Here we go again, another one of those ‘history of’ books. I sort of got sucked into reading this after a favourable review. Don’t get me wrong – Mr McMahon writes very nicely indeed, and seems to handle his material well. It’s just that, well, even he himself in the introduction pretty much says that a history of happiness is a questionable pursuit (‘For how to write a history of something so elusive, so intangible – of this ‘thing’, this hope, this yearning, this dream?’) Once you come to the end of this ‘history’, you can answer the author’s question yourself. Such a thing is an absolute nonsense.
What you have in this book is a history of the great philosophers and religious figures. We go from Socrates to Jesus, from the Protestant revolution to Marxism, ending up roughly at capitalism.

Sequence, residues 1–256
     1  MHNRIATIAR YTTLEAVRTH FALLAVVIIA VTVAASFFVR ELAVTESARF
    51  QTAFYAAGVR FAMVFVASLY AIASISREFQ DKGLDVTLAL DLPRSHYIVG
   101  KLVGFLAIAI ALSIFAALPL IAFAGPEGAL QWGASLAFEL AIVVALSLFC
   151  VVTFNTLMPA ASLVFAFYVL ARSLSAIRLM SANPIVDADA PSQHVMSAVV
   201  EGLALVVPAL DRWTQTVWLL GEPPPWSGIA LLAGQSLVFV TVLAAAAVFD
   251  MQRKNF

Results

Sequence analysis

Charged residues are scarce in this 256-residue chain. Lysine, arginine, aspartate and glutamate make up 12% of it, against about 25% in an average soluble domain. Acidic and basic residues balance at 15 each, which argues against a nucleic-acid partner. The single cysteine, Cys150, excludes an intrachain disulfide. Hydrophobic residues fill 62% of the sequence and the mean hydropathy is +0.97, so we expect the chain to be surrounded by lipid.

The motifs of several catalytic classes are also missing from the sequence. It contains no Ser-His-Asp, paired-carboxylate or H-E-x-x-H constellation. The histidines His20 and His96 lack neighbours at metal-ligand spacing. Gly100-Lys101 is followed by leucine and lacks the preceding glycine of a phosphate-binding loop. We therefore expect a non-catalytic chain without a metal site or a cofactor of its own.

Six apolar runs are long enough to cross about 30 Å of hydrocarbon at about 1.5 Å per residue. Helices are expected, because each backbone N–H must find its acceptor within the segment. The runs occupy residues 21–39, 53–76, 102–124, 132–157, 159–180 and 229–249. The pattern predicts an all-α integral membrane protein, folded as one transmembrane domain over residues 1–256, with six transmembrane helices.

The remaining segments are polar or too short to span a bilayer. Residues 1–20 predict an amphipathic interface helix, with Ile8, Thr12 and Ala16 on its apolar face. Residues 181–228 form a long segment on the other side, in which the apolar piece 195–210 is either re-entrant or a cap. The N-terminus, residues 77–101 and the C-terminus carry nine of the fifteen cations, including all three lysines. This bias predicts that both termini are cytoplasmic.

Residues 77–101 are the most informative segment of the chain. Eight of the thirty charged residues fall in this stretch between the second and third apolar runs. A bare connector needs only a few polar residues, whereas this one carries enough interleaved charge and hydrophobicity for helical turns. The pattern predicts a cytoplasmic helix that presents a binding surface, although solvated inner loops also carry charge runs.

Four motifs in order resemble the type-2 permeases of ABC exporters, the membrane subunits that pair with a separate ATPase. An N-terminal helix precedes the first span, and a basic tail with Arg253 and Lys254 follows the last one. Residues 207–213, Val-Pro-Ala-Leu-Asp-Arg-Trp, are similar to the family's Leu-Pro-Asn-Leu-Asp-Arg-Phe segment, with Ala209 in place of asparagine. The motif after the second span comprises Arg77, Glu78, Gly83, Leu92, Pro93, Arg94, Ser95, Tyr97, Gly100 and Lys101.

What do we learn, roughly, about how to be happy? Don’t wish for too much; be happy with what you’ve got. Too much desire makes us miserable.
This book makes for a good introduction to some of the world’s great ideas. As I said above, the author writes very well, and makes his subject matter most enjoyable to read.
If you want to learn how to be happy, I’d recommend reading the Dalai Lama. He’s lost all, and still claims to be happy.